Lucinda Chodan, newly appointed Edmonton Journal editor-in-chief

This just in, people. …Just remember where you heard it first.

Back on October 5, 2010, we reported in these e-pages that with the “Sunification” of the Edmonton Journal and other Postmedia Network Inc. “properties” continuing apace through the shedding of experienced journalists and managers, Edmonton Sun alumna Lucinda Chodan was about to be named editor-in-chief of the venerable Journal.

Around the time of this report, approximately 40 experienced Journal employees had just gone over the side one way or another, mostly through “buyouts” and similar early retirement deals. Anyone who understands the newspaper business gets it that this kind of wholesale staff cutting hurts the quality of the journalistic product, but usually improves the bottom line in the short term.

While this was going on, Chodan occupied a similar top editorial position at Postmedia’s Victoria Times-Colonist, a Giant of Canadian Journalism ™ that has dealt with the downturn in conventional newspaper advertising by ceasing to publish on Mondays!

At the time, she did not return your blogger’s calls to her office at the Daily Hyphen seeking confirmation of his highly speculative story. However, in Tuesday morning’s edition of the Journal we finally read that, indeed, Chodan has been named the Journal‘s top editor.

Her appointment makes sense given the business predilections of Paul Godfrey, once the publisher of the Toronto Sun and now the Great Helmsman of the delightfully named Postmedia Network. After all, Chodan began her career as an entertainment reporter at Sun Media‘s Oil City tabloid.

The Sunification process, of course, has been afflicting the former Southam Newspapers — once the mainstay of serious Canadian journalism from one end of the country to the other — for many years as they have been passed through the hands of a series of owners, from Hollinger to Canwest to Postmedia.

Most of these owners seem to have been mainly interested in the propagandistic potential of the perpetually unprofitable National Post, founded in 1998 by millionaire right-wing drivelist Conrad Black as part of his successful strategy to move the climate of ideas discussed by the chattering classes in Canada far to the right.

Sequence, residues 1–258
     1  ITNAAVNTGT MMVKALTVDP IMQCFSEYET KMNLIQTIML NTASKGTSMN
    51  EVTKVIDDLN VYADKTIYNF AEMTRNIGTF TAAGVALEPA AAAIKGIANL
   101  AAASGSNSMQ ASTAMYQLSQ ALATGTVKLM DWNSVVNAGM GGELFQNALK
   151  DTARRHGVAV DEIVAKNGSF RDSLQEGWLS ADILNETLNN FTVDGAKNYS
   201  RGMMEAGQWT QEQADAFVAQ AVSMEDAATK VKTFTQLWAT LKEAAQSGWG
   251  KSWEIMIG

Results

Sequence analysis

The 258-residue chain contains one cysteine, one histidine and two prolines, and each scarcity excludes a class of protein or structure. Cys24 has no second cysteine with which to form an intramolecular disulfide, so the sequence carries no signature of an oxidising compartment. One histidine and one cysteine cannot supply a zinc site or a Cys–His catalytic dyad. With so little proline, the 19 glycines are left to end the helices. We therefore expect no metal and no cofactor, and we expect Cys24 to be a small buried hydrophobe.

For his part, Black never seemed much interested in the potential of the other Southam papers except as a source of news tidbits to fill the pages of the National Pest and cash to keep the moribund Toronto daily afloat.

After Black — who by that time was also known as Lord Black of Crossharbour — left the newspaper business to pursue other opportunities in government service, subsequent owners seemed even less engaged by the potential of the once-excellent regional dailies except as cash cows to prop up the Pest.

During this period, they drew heavily on the managerial ability of former Sun journalists and managers to run local newsrooms on a shoestring without much regard to the quality of the contents.

Naturally, this trend worries many of Postmedia’s remaining Edmonton employees because, notwithstanding the declining advertising market that is slowly sinking all mass-circulation metropolitan dailies, for the time being at least the Journal remains a better gig than the Edmonton Sun, which seems likely to be the model for the Journal‘s future.

Edmonton’s Sun paper is now edited out of Calgary, a city that is in fact some distance to the south of Edmonton and is not Alberta’s capital city, though neither of these facts may have penetrated the skulls of the management team that runs Sun Media from somewhere in Central Canada.

As previously noted, the Journal may soon face a competitive challenge of a different sort if a persistent rumour is true the Sun plans to pull the plug on its faltering “24 Hours” self-cannibalizing commuter paper and begin giving away the Sun itself as attention shifts in Sun Media’s management suite from newspapers altogether except as a source of digitized drivel to shove into the video maw of the company’s Fox News North enterprise, officially known as Sun TV.

Back at the Journal, gloomy reports still persist that the newspaper’s valuable east-side printing operation may be on the block, raising the spectre of the Journal not just suspending Monday publication, but that during the rest of the week as well, in a precarious all-Internet future like that being tried by Seattle’s Post-Intelligencer.

Meanwhile, according to the Journal story yesterday morning announcing Chodan’s appointment, the thrills were almost keeping pace with those delivered by the roller coaster at Galaxyland in West Edmonton Mall.

At any rate, Chodan told her new staff that she’s thrilled to be returning to Edmonton. The Journal‘s publisher said he was equally thrilled by the prospect of Chodan at the Journal‘s tiller. And, of course, your blogger is thrilled to be able to confirm the accuracy of his scoop.

This post also appears on David Climenhaga’s blog, Alberta Diary.

David J. Climenhaga

David J. Climenhaga

David Climenhaga is a journalist and trade union communicator who has worked in senior writing and editing positions with the Globe and Mail and the Calgary Herald. He left journalism after the strike...